The spatial and temporal patterns of surface water (SW) - groundwater (GW) exchange are significantly affected by riverbed silting, clogging or erosion processes, by altering the thickness and hydraulic conductivity of riverbed sediments. The duration of SW-GW exchange is controlled by the drainage and infiltration resistance of river bottom sediments (e.g. Andrássy et al., 2012). Generally, these two parameters primarily depend on the hydraulic conductivity and on the thickness of clogged layer.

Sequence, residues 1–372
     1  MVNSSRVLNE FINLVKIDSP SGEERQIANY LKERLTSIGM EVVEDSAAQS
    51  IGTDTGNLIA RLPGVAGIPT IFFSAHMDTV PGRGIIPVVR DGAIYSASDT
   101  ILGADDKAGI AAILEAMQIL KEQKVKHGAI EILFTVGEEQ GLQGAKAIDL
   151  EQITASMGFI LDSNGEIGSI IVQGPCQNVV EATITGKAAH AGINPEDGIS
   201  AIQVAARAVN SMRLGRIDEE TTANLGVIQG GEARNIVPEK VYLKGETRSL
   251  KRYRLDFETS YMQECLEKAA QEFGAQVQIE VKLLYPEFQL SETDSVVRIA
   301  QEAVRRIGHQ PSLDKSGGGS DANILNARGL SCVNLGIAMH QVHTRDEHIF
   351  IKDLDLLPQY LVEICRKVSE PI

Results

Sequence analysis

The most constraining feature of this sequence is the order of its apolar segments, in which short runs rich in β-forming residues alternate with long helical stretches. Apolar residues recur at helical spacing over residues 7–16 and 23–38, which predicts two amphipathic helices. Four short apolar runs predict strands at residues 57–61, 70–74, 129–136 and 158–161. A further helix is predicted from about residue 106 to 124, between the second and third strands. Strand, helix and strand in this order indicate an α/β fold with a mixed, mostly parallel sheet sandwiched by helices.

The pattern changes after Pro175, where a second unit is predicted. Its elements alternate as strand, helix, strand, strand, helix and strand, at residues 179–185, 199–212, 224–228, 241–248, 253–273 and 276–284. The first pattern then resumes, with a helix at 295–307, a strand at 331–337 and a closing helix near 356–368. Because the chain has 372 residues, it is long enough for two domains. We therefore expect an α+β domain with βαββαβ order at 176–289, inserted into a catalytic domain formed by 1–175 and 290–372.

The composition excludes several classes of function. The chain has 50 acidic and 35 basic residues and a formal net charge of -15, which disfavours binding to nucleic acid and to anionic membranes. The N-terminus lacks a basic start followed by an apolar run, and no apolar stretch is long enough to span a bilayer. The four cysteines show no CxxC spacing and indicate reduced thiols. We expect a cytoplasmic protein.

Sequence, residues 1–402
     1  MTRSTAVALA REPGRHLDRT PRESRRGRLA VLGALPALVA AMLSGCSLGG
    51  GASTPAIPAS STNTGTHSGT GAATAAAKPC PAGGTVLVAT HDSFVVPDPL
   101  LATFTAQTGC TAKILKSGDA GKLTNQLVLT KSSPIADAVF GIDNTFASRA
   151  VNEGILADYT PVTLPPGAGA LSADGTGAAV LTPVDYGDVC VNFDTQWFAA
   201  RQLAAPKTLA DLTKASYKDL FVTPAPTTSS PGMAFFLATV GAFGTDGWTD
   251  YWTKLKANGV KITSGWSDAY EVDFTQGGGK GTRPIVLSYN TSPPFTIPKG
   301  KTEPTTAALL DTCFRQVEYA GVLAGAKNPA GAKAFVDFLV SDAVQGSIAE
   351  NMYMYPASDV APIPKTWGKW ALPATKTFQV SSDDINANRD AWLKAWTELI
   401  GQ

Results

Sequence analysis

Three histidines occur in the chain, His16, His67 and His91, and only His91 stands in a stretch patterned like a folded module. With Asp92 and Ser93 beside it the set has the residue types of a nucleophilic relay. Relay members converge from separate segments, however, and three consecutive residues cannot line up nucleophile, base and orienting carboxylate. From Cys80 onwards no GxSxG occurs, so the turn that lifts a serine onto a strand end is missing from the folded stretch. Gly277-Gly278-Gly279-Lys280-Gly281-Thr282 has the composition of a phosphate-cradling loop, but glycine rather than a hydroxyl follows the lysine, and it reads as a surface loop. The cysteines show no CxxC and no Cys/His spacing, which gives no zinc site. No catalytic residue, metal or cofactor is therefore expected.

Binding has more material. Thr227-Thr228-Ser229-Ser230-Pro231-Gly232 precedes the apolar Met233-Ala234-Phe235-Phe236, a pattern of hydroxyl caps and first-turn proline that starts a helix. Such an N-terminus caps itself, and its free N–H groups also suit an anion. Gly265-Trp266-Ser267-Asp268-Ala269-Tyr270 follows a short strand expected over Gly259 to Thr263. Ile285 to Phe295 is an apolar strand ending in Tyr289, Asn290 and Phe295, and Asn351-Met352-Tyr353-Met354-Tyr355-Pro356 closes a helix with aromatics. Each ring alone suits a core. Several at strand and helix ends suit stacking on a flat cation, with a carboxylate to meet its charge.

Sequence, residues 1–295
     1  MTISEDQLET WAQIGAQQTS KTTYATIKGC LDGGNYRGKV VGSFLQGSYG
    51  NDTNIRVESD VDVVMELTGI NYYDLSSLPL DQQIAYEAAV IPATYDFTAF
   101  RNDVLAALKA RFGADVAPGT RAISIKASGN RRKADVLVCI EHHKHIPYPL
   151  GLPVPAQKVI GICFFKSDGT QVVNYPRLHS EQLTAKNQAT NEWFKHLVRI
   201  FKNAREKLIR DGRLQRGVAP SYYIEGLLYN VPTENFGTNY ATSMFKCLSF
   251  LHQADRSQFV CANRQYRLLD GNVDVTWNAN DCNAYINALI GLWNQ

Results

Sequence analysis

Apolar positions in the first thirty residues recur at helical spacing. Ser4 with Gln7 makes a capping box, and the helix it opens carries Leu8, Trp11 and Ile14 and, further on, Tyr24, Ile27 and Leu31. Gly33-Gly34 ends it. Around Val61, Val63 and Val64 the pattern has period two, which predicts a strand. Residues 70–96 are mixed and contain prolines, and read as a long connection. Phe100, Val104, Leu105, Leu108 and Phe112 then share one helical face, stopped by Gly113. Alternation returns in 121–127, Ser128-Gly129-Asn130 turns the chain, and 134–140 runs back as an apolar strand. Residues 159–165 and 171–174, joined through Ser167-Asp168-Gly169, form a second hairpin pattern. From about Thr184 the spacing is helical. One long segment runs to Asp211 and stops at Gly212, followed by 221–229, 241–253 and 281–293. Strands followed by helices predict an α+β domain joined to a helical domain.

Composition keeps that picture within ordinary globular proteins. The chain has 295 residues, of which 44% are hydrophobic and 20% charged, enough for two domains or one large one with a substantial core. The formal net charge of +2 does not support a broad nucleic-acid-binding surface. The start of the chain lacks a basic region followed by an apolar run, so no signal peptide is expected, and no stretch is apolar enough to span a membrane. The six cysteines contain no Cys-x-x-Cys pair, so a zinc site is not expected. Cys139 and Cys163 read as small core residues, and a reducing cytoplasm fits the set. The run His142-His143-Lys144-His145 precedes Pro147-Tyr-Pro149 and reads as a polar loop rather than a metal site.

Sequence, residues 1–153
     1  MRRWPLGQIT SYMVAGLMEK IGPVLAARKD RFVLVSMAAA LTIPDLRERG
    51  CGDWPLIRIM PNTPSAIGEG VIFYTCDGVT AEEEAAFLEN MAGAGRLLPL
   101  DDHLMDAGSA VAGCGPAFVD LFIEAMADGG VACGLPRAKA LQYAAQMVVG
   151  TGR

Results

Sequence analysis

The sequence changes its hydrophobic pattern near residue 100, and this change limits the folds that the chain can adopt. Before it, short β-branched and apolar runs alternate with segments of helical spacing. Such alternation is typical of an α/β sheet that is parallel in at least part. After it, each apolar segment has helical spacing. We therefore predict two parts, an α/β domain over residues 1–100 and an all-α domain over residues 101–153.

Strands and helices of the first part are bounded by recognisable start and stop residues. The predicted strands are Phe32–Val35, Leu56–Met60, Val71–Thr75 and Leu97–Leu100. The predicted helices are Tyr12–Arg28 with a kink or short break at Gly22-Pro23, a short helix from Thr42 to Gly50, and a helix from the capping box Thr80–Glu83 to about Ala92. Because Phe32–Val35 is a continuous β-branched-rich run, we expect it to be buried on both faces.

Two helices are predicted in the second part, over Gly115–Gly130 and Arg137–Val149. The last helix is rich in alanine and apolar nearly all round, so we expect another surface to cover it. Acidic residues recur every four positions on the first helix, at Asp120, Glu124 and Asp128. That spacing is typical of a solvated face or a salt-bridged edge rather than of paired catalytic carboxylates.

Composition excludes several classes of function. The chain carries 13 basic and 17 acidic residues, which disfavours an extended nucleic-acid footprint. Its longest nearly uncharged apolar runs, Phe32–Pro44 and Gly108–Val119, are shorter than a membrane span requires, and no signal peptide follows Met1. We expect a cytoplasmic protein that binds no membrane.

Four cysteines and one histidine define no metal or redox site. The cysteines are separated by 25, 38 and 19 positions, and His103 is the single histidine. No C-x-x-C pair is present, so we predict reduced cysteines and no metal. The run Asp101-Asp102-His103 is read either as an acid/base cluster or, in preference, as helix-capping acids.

In this study the flow processes between GW and SW were modeled by model TRIWACO for different infiltration resistance and drainage resistance of riverbed sediments. The model area is situated on the Rye Island, which is a lowland area with very low slope. In this area a channel network was built up, where the flow conditions are controlled by water-gates. Because of the low slope and the system of water gates built on the channels, the riverbeds are influenced by intensive clogging processes. First, the applicability of model TRIWACO in the study area was tested by modelling the response of GW on SW level fluctuation. It was simulated, how the regulation of water level and flow direction in the channels influence the GW level, especially in extreme hydrological conditions (drought/flood), and if the GW flow direction and GW level change as it was expected. Next, the influence of channel network silting up on GW-SW interaction was modeled. The thickness of riverbed sediments was measured and their hydraulic conductivity from disturbed sediment samples was evaluated. The assessed hydraulic conductivity was used to calculate the infiltration resistance and the drainage resistance of riverbed sediments in the study area. Then, the GW level and flow direction was simulated for different infiltration resistance and drainage resistance of sediments.